This is an open-label, single-arm, and single-center phase Ib/II trial. The enrolled subjects are the unresectable (locally advanced or metastatic) PDAC patients without previous systemic treatments. All subjects receive an intravenous injection of gemcitabine 1000 mg/m2 and nab-paclitaxel 125 mg/m2 on day 1 and day 8, along with toripalimab 240 mg on day 1 every 3 weeks. After the patients sign the written informed consent, the treatment is administrated according to the protocol until the presence of disease progression (PD) or intolerable adverse events. In the case of grade 3 or higher adverse events (AEs), the treatment should be suspended and the AEs should be actively treated until returning to normal or grade 1 or 2. The next cycle of treatment may reduce the dose according to the decision of researchers. In addition, the medical safety team will review all safety information during this clinical study.

Research hypothesis

The combination therapy of toripalimab plus GA as the first-line treatment prolongs the survival of patients with metastatic PDAC with good safety.


Primary objectives

To evaluate the safety and overall survival (OS) of first-line treatment with toripalimab and AG chemotherapy (nab-paclitaxel plus gemcitabine) in patients with locally advanced or metastatic pancreatic cancer without previous systemic treatments. Safety evaluation includes the patients’ tolerance to this regimen and the influence of these drugs on the skin, digestive tract, and electrolytes balance of patients.

Secondary objectives

The evaluation of objective response rate (ORR), disease control rate (DCR), progression-free survival (PFS), and the rate of surgical conversion and R0 resection for toripalimab combined with AG chemotherapy in patients with locally advanced or metastatic pancreatic cancer without previous systemic treatment.

Exploratory objectives

The exploratory objectives of this trial are to further investigate the predictive biomarkers for the efficacy of the combination therapy. The following parameters of patients are regarded as potential predictive biomarkers and the correlation between them and tumor response is explored.

1) In the tumor issues: the expression of DNA mismatch repair (MMR) protein and PD-L1, the number of TILs, and the small RNA of Epstein-Barr Virus (EBV);

2) In the peripheral blood: T cell subsets (the absolute counts of CD3, CD4, and CD8), the tumor markers, the heat shock protein 90 α, EBV-EAD (early antigen)-IgG, and EBV-VCA (viral capsid antigen)-IgA;

The following parameters of patients are estimated to predict the clinical outcomes and prognosis of this combination therapy: the TMB level results from exome sequencing of ctDNA in the tumor tissue or peripheral blood, the diversity of TCR in peripheral blood, and the cloning of TCR in the tumor tissue.

Key eligibility criteria

The included patients are treatment-naive and unresectable (locally advanced or metastatic) patients with histopathologically confirmed PDAC. Besides, patients with an Eastern Cooperative Oncology Group performance status (ECOG PS) 0 to 2, adequate organ function, no history of active autoimmune disease, and no treatment history of ICI or chemotherapy, are eligible for this trial (detailed key inclusion and exclusion criteria are listed in Table 1).

Table 1 The key eligible criteria of this trial

The course of the trial

The main process of the trial is summarized in Fig. 1. Patients diagnosed histopathologically as PDAC and confirmed by the surgeon or MDT group as unresectable are included in this study. The entire course of the trial is expected to last more than 24 months. The subjects may discontinue the treatment because of progression disease (PD), intolerable toxicities, and requirements of patients or researchers. In addition, for the patients who complete 6 cycles of the combination therapy, the subsequent maintenance of toripalimab monotherapy is considered according to the patients’ response and tolerance to the treatment as well as the opinion of researchers. For the PD during the period of maintenance treatment, toripalimab combined with AG chemotherapy may be used again for systemic treatment. Pseudo progression possibly occurs during the immunotherapy, especially for patients during the maintenance therapy of toripalimab. Pseudo progression needs to be distinguished from true progression by the researchers, and the researchers need to determine whether to continue the therapy when pseudo progression is confirmed. After the end of treatment, the follow-up is conducted covering all patients to collect anti-tumor treatment information and OS.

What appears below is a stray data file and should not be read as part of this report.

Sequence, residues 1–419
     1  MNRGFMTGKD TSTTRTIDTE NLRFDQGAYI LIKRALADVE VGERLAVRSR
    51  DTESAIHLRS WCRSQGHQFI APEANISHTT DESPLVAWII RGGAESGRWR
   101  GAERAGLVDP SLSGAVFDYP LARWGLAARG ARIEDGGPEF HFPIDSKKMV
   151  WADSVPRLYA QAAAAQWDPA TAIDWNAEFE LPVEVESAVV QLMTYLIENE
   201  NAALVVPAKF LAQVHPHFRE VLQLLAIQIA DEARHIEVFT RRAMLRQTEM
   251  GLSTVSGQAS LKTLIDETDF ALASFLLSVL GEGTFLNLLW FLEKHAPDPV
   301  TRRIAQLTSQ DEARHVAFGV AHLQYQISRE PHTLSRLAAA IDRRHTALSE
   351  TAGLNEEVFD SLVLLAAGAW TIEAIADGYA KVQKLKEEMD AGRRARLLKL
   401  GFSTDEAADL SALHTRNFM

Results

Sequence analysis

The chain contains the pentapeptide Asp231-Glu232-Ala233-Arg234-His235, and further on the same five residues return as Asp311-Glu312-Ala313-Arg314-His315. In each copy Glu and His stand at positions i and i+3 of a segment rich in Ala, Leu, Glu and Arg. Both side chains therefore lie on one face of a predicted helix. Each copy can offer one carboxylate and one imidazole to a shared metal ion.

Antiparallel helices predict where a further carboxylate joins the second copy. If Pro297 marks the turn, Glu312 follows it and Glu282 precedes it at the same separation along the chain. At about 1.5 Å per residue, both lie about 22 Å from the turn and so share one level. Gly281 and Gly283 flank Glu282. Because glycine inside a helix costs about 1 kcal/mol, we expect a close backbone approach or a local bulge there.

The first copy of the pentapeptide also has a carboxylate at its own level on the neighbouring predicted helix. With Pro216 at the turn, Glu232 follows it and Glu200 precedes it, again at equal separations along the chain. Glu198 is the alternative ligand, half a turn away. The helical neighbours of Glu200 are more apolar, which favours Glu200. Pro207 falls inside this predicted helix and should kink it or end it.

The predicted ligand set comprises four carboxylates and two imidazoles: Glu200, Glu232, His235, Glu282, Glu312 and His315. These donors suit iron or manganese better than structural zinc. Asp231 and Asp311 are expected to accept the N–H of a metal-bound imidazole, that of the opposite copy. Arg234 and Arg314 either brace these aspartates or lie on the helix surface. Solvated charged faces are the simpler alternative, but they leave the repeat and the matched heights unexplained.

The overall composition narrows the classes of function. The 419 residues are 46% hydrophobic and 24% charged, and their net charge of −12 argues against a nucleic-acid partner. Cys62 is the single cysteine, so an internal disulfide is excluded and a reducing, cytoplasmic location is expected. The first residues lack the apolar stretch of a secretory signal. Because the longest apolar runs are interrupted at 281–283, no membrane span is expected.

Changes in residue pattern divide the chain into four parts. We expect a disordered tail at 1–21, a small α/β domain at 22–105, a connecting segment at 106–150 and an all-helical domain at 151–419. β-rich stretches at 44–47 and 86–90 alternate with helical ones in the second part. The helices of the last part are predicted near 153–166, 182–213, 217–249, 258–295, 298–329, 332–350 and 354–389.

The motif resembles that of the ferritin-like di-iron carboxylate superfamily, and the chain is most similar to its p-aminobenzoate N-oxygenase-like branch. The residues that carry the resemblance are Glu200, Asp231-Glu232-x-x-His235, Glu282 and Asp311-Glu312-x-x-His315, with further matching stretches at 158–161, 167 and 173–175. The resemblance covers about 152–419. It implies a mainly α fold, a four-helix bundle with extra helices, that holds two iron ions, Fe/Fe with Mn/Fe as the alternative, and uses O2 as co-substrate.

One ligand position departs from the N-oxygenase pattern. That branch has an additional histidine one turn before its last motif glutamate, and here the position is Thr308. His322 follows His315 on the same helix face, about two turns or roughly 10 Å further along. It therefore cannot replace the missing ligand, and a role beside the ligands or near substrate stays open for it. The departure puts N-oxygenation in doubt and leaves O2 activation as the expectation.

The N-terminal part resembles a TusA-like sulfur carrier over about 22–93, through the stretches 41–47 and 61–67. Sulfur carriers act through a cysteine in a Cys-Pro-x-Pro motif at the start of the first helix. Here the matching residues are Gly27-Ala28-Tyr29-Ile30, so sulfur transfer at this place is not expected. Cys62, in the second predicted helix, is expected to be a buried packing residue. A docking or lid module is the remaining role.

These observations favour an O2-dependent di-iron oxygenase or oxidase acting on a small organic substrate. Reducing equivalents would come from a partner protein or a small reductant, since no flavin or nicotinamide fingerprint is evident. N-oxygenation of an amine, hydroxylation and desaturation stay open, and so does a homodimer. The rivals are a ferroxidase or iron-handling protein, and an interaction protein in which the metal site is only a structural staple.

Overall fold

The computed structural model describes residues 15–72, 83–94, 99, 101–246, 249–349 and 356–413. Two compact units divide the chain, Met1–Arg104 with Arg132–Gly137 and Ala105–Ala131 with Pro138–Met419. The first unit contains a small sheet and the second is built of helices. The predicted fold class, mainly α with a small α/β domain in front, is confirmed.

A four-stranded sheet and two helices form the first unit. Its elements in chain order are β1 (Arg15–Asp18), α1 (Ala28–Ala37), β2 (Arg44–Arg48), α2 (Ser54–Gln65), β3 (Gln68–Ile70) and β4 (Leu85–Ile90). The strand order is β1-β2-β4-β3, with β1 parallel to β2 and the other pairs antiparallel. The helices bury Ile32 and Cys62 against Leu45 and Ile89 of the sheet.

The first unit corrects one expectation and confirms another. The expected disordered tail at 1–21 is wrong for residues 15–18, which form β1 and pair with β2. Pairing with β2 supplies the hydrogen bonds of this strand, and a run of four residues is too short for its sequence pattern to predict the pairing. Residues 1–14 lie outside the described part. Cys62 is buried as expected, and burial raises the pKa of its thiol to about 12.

Fig. 1
figure 1

The main process of this clinical trial. Abbreviation: AG chemotherapy, nab-paclitaxel plus gemcitabine; RECIST, Response Evaluation Criteria in Solid Tumors. irRECIST, the immune-related RECIST

After the first appearance of imaging evidence of PD evaluated by the Response Evaluation Criteria in Solid Tumors (RECIST) v1.1, its revised version, the immune-related RECIST (irRECIST), may be used to make treatment decisions according to tumor remission models of PD-1 blockades. For clinically stable patients with the first PD in imaging, the treatment may continue until the radiologist researcher reconfirm the PD after at least 4 weeks. When the PD is reconfirmed by the researchers or the radiologist researchers, the patients need to discontinue the treatment unless obtaining significant clinical benefits. Similarly, the evaluation of PD also needs to be reconfirmed by the whole research group.

For patients who are evaluated as partial response (PR), surgeons need to assess the surgical possibility. And for the part of patients who have the opportunity to receive R0 resection, the researchers need to communicate with the patients about the necessity of operation and guarantee operation only for patients without surgical contraindications. In fact, the feasibility of surgical resection needs to be considered during the whole therapy course by the surgeons. The patients who successfully underwent R0 resection also need close follow-up for safety and survival.

The possible AEs throughout the trial need to be monitored and graded according to the conventional term criteria for adverse events (CTCAE) version 4.0. Severe adverse events (SAEs) occurred within 90 days after the end of treatment need to be recorded. If the patients start new treatment, the AEs within 30 days need to be recorded.